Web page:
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THE FORGED PASSPORT
On Sunday, March 19, 1944, Rafi (Raphael) Friedl, a young eighteen-year-old Slovak Jew, alias Janos Sampias, a Catholic Christian, had every reason to fear for his life. Early on that cold, clear spring morning he had been awakened by a distant humming, which grew louder by the second, until all of a sudden a squadron of German Messerschmidts burst forth from behind the silhouette of Buda. In tight formation the planes thundered low across the hill on which stood the historic city. They raced across the Danube and made a wide curve over the vast, flat expanse of Pest, returning in a westerly direction. The Messerschmidts flew so low that Rafi could see the black crosses on the wings with the naked eye. Another squadron followed, and then another. By the time the first unit had described its circle it dovetailed in with the last one of the three, which now flew in front, so that hundreds of planes seemed to be streaking in the sky above Budapest, instead of just a few dozen.
The Germans had to fake strength at this late stage in the war. Their fuel stock was nearly exhausted, but they were anxious that the people of Budapest did not know that. It was the effect which counted. In the course of a few minutes the German airforce had beaten the one and a half million inhabitants of the Hungarian capital into mental submission, the result of an ingrained old habit, dictated by a cruel history, that it was better to submit and to survive than to resist and to die. The German Führer, the leader, knew the psychology of the peoples with whomhedealt.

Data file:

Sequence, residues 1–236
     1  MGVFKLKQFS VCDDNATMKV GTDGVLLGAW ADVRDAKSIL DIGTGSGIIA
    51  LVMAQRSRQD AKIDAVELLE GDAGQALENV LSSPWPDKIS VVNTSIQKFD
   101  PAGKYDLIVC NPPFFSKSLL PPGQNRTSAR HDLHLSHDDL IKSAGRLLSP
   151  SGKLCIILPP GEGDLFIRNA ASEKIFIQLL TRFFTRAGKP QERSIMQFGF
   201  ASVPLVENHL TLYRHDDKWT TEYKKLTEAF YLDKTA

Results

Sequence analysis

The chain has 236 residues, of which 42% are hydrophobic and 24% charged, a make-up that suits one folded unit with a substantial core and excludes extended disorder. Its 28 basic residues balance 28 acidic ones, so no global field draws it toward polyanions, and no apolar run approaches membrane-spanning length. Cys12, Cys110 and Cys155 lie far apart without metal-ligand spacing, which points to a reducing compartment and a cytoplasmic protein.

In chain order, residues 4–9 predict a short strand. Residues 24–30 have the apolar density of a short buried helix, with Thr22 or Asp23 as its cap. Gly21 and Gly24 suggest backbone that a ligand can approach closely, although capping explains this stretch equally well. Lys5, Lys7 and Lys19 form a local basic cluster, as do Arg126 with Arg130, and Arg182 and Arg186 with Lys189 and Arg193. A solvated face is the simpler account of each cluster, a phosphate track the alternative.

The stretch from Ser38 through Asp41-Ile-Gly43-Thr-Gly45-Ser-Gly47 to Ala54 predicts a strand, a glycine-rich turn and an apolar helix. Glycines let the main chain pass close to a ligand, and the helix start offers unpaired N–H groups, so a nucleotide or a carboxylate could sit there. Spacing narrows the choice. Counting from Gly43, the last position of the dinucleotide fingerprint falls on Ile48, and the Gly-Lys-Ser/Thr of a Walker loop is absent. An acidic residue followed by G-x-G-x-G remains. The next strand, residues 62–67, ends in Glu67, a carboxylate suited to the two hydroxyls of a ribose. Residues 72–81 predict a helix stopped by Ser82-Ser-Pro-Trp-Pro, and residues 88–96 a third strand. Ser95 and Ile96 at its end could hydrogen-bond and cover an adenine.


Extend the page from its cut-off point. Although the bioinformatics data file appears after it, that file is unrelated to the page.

Some years earlier, Rafi Friedl remembered, Hitler had made his planes circle low over Vienna and Prague in a similar way. They were in the air for hours, replete with bombs and rounds of ammunition. If the threatened governments had not capitulated at the last moment, their ancient capitals would have been devastated. No one in Budapest knew why the Messerschmidts had been sent. All kinds of rumors were flying about the town of some disagreement between Hitler and Count Nicholas Horthy, the aged regent of Hungary. They were supposed to be friends. But while official propaganda was abundant, there was no concrete news. Certainly, the promises of easy victory and new greatness had dissolved long ago. From the looks of things, peace seemed as far removed as ever. Everyone craved for an end to the cursed war, because there was not a single family which had not lost a son, a father, or a husband. They had gone to their death in the vast expanse of the Soviet Union. The airplanes would surely be followed by marching boots.